I have no idea if my kids are talented dancers/singers/actors. And I’m not going to worry about it. I’m going to encourage them to do something they both love purely for the joy of it.
And I’m going to do more stuff purely for the fun of it, even if I’m not good at it.
Which one to choose?
So if you are wondering what class to put your kids into here are some tips …
remember that the arts are good for the soul – everyone needs a bit in their life
dance and gymnastics are what I call ‘body, mind and soul’ exercises, because they combine all aspects of ourselves in one
the ‘proper’ gymnastics class we went to was very repetitive – they have to drill the same thing over and over and over again
don’t worry about what they will do when they grow up, just pick something they enjoy
boy’s who can dance will be cool when they grow up
girls love to feel pretty and graceful, but some of us need a little help in getting there
if you are in any way local to me, pick something Excel does because I think they are fab! (although most classes are at Bowmansgreen school, the kids are from many schools).
unless your kids are naturally academic, I don’t think that they need extra classes in primary school to learn something else.
it’s just as fun to go swimming with the family when they are very young, don’t panic about classes if they are difficult to fit into your routine. Plus the week long immersion classes can make great progress instead.
Most of all, do what suits you, your family and your kids.
Pick for the JOY of it.
Don’t pick because you are worried they will miss out.
Don’t pick for their future career.
Don’t add too many – leave time for chilling, homework and playdates.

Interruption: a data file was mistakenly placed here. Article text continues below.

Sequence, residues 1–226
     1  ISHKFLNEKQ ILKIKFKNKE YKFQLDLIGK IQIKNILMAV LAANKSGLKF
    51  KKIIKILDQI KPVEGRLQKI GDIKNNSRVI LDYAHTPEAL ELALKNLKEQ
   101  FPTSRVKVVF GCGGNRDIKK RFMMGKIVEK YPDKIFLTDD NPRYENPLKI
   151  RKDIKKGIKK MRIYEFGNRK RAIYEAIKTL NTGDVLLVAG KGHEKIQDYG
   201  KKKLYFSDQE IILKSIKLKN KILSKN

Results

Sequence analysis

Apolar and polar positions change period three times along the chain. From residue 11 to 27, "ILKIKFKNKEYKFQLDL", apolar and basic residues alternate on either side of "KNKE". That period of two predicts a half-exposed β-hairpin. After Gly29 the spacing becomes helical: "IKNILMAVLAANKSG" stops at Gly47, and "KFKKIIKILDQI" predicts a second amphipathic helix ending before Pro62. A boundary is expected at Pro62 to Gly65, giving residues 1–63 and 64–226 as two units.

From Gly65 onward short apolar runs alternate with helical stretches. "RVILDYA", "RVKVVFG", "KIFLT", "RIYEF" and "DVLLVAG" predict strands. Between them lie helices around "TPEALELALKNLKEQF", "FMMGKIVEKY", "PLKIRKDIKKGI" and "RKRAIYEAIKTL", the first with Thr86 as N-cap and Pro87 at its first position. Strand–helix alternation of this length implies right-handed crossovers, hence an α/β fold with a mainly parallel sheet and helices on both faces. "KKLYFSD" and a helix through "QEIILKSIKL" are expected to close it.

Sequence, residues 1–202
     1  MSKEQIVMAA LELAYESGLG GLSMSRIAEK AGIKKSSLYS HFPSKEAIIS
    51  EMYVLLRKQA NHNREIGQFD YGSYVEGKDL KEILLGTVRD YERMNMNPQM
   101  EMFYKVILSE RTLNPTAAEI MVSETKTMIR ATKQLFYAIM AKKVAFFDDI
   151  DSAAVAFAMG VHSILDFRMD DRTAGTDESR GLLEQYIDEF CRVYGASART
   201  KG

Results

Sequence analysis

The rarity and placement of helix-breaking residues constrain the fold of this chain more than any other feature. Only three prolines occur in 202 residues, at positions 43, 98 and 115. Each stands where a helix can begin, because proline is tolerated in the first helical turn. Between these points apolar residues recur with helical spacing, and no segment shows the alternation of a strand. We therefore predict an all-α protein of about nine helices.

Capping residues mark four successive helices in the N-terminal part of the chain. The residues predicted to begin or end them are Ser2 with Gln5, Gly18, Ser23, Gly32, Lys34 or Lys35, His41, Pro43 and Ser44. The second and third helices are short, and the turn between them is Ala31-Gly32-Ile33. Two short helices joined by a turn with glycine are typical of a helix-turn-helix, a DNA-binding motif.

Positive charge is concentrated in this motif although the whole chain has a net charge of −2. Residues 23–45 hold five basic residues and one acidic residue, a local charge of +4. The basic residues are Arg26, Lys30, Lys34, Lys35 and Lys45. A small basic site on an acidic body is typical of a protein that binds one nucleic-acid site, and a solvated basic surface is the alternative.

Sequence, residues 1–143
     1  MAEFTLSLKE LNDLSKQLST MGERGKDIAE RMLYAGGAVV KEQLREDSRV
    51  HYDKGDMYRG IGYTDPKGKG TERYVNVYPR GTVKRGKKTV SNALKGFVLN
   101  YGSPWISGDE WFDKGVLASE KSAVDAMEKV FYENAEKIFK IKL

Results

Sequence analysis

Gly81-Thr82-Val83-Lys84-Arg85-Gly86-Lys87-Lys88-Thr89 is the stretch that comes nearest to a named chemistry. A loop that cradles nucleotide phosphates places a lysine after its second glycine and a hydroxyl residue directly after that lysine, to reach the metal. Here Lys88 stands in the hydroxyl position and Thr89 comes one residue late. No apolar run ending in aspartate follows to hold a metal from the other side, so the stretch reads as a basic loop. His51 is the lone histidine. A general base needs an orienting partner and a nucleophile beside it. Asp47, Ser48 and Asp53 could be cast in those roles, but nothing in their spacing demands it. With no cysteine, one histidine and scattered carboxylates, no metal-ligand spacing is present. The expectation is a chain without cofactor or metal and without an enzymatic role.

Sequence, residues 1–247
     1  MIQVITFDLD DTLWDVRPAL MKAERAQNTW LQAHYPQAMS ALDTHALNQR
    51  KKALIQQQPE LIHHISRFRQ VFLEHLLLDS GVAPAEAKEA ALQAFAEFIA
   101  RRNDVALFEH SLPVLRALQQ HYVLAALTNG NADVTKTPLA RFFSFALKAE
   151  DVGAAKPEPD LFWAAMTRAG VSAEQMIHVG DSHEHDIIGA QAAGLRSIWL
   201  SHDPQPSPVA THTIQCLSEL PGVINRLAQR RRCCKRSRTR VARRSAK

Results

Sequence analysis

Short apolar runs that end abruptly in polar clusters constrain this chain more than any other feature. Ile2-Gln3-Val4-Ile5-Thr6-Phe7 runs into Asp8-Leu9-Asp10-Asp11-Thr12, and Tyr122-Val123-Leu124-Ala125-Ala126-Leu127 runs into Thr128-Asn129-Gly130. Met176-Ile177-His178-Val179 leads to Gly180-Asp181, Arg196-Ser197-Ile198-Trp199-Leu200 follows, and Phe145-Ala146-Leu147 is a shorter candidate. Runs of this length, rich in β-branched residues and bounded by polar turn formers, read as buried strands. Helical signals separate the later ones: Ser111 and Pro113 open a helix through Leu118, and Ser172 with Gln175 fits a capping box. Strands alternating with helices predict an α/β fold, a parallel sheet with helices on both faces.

Ironically the Big Hairy Northern one and I are helping to set up an after school club for Woodcraft Folk from September. Now I know ‘the point’ I can only hope to do as good a job as Steve and Sam. But if we do any dancing/drama at any point, I’ll be getting them in! In fact that gives me an idea ……
One thing sure to make me rant is bl**dy doctor’s receptionists and crazy rules about when you can or can’t book appointments.
THIS IS WHY MOTHER’s DON’T BOTHER WITH SMEAR TESTS AND SORTING OUT THEIR HEALTH.
‘Please make sure to only discuss one problem at a time with the doctor’ they say. But Oh no, you couldn’t possibly book two appointments if you inconveniently have two things wrong with you.
Because of the whole school run thing, we happen to be a touch busy as everyone else is queueing up outside so when I get to phone: ‘Sorry all the appointments have gone for today’.
‘You CAN book 48hrs in advance’; which is of course always when I’m working. No I couldn’t possibly book 72hrs in advance. And all the appointments for a week in advance have gone.
I want to take my son in to check something, but it’s not urgent enough to keep him off school and I don’t want to make a big deal of it. I’ve tried two days running and still can’t get a bloody appointment.
Last time I went for my back the doctor gave me pain killers, but forgot to put any kind of description as to what to do afterwards, so I have to try and book another appointment, which I’ve been lucky enough to get. But of course I can’t talk about anything else at that appointment, I’ll have to phone tomorrow morning for another appointment. Which I wont get because I’ll be too late, and the 48hr one will be when I’m working. Argggh.
One day someone will die because they miss something serious because they couldn’t book a bl**dy appointment.
Is it so unreasonable to JUST WANT TO SEE A DOCTOR?
I’ve paid my dues. I hardly ever go. I don’t take up much time. I just need a couple of little appointments for me and one for my son.
Last time I saw the doctor he even commented that he hadn’t seen me for a long time. But whenever I mention how difficult it is to book, they just look powerless; who on earth is running their practice, the receptionist/practice manager or the doctor.
All I can say is Bl**dy ridiculous rules and where the h*ll is the common sense?